Tuesday, May 01, 2018

Portrait of the Artists. LibroMobile Needs A Crowd.

Portrait of the Portraitists Painting the Photographer
Michael Sedano

It’s my version of Las Meninas. That is, a foto of what the subject sees looking back at the painter, at others in the space, at the studio ambiente.

In my case, it’s the view from a couch in a nondescript building next to a llantero on Figueroa street in Highland Park. It is Monday night and my wife and I are sitting for Margaret Garcia’s portrait painting class. It will be the first of two sittings.

My wife and I look forward to celebrating our fiftieth wedding anniversary in August, and in the back of my mind I hope I like one of the portraits and we can buy it for our mutual anniversary present.

My wife fell ill and couldn’t sit for the second class. Garcia’s students didn’t get second sitting to work on the pair of us, so no anniversary gift yet.

The artists have spotted their easels in a semi-circle around the couch. Some get profiles, other full face. Behind the circle of easels, bright floodlights on tall stanchions illuminate their canvas and the couch.

“Find a spot and focus on it.” Pose like that, focus for two hours, and a break if we want. Not that we have to be frozen in place, but the artists need us to hold that focus as much as possible. At one point an artist wants to talk and I grow animated. Garcia puts the kibosh on conversation. Hold that focus.

For the photographer holding a pose, taking a foto is a matter of point, shoot. I steady the camera with one hand on a cushion or knee. These will be long exposures, between 2 seconds at f/22 and 1/30 at f/3.5. I point the axis of the lens parallel to the floor then tilt up a few degrees. With the lens racked to its widest angle, I trust to getting it approximately right.

Several frames produce a las meninas moment. The artists intent on framing me, the camera catching the moment dramatically illuminated by blinding floodlights.

After the sitting, the artists do finish work on their portraits and happily display their portrait. One asks me how I feel, seeing these representations that are supposed to be me.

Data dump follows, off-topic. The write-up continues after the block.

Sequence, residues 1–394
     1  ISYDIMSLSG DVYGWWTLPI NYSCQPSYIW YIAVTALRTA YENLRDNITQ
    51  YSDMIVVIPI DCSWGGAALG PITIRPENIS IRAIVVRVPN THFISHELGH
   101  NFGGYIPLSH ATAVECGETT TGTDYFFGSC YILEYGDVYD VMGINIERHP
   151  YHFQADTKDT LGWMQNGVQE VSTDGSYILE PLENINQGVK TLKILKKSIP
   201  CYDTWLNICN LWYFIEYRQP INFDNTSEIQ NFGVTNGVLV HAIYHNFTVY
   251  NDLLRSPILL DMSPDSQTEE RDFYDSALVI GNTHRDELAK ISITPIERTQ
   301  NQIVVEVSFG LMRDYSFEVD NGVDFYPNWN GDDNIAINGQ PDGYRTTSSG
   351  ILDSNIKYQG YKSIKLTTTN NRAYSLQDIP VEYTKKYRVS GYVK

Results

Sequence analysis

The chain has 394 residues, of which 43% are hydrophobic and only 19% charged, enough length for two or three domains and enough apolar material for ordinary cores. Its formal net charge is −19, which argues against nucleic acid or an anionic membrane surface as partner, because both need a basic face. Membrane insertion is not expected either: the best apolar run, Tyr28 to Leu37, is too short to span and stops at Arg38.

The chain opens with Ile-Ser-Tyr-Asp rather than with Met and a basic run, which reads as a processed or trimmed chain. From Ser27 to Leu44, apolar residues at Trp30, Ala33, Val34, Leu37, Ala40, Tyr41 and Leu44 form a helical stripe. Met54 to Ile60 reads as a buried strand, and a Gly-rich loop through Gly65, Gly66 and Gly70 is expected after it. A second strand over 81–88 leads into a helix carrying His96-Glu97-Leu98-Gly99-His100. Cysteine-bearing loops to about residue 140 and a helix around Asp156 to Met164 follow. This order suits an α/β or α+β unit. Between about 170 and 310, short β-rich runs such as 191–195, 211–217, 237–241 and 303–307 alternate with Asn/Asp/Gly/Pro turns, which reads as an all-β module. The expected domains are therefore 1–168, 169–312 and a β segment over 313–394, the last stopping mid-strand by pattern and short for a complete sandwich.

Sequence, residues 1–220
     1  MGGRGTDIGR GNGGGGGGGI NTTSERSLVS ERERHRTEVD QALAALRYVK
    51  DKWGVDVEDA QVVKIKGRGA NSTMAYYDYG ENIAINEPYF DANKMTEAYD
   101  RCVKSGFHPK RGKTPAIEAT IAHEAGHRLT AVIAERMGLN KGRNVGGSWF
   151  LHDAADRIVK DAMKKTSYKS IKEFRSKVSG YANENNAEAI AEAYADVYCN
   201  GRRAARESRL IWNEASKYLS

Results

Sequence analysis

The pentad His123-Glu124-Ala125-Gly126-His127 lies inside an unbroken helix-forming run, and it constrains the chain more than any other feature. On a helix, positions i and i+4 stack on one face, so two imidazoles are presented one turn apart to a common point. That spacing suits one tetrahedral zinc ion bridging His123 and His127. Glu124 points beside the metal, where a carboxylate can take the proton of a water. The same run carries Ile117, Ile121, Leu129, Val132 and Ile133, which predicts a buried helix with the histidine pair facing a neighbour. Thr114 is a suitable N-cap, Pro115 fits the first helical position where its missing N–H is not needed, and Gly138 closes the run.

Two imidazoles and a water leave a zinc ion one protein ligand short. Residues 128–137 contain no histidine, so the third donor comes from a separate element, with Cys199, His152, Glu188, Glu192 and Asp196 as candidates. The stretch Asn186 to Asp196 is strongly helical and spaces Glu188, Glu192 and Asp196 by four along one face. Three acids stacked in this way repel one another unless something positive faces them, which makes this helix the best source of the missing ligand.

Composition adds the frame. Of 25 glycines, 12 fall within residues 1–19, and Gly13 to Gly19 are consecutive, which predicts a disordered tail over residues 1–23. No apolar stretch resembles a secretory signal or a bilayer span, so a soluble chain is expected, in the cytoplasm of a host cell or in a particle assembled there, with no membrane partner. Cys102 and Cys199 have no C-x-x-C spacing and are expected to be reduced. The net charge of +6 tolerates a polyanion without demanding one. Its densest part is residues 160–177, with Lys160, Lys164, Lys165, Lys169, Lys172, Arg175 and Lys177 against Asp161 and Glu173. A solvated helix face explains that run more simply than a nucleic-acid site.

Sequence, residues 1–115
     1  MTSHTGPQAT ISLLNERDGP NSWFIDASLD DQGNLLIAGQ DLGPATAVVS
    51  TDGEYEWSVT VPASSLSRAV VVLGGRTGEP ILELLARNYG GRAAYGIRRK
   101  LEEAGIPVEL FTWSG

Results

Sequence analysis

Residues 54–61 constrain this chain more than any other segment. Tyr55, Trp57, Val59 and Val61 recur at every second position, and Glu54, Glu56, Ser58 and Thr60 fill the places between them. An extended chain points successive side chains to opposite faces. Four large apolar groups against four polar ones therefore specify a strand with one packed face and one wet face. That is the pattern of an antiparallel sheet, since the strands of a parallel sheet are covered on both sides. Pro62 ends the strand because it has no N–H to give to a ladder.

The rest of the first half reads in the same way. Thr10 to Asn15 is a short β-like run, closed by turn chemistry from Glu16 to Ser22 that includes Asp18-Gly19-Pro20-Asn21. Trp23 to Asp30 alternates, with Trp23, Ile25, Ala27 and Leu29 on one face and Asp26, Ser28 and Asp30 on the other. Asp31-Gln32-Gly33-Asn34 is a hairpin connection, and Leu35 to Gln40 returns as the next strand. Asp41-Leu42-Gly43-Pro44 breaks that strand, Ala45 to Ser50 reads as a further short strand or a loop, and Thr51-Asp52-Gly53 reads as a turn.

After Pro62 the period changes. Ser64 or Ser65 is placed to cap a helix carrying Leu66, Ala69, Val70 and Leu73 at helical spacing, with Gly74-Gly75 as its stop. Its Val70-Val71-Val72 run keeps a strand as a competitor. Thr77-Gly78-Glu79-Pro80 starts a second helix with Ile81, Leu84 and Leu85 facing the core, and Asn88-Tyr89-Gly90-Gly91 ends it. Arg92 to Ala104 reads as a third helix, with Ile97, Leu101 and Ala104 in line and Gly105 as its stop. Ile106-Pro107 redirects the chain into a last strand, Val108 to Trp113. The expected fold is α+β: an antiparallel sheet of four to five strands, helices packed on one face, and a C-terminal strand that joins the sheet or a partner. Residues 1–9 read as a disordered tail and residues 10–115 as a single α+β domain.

The images are not me. The artist’s representation of what she saw, he saw has been laid down on canvas conditioned by perception and intent, produced as a result of the artist’s available time, inherent skill, learned technique, and execution.

Each portrait represents itself, that fellow in the painting. I wonder what he’s thinking?

Margaret Garcia's colorist style sets the standard for the class. Garcia paints for herself during the workshop--never let a sitting go to waste--and also works with individuals to solve particular issues.

When Barbara gets back on her feet again, we’ll return to Margaret Garcia’s portrait class and see if our sitting can generate a perfect fifty year anniversary portrait. A ver.

Insurgent Book Traffickers Target Spanish-Literate Shoppers

No one can accuse Sarah Rafael García of doing well by doing good. She’s not raking in the long green from her peripatetic book selling enterprise in Santa Ana, California, LibroMobile. But she’s doing good, matching literary gems with gente who need to read them, and giving or selling books that gente want to read.

“The LibroMobile,” the eponymous website declares, “is not only mobile but also builds community and promotes literacy. It resides on Calle Cuatro (off 4th & Spurgeon, back alley area) and travels throughout Santa Ana visiting a variety of communities, including Grand Central Art Center, Alta Baja Market and Café Calacas.”

The LibroMobile website goes on to point out a recent development that opens opportunity for readers and gente who support literacy:

We have partnered with the ‘Friends of the Santa Ana Public Library’ to sell used books at a lower price and set up Little Free Libraries throughout Santa Ana! We’ll also be visiting Café Calacas on occasion and serve their café de olla at our special events!

The LibroMobile Project offers affordable books by writers of color, bilingual and Spanish books for children, youth, and adults, as well as books that speak to culture and social justice issues relevant to the local community. Stocked items include approximately 300 books ranging from handmade zines to popular titles, to small press bilingual publications, a community board to post local resources and a traveling Little Free Library—this serves as a book exchange. When someone wants to borrow a book instead of purchasing their own copy, they will provide another book for someone else to read for free.”

LibroMobile can’t stock its shelves without some help. That’s why Sarah Rafael García is enlisting a crowd’s help:

LibroMobile, is raising funds via a rewards crowdfunding campaign on Indiegogo https://igg.me/at/librosforsantaana to raise $4,000 to purchase 400 contemporary Spanish books by May 18th. At present, the selection of books in Spanish is limited, which makes it impossible to meet the demand of their Latinx community in search of literature in their native language. The indie bookstore relies on donations of new and gently used books, but Spanish books are the least donated by LibroMobile’s supporters which are typically more expensive than English books. In efforts to support Latinx presses and Spanish language publishers, all funds from the campaign will go to purchasing Spanish books directly from Spanish language publishers that carry contemporary authors.

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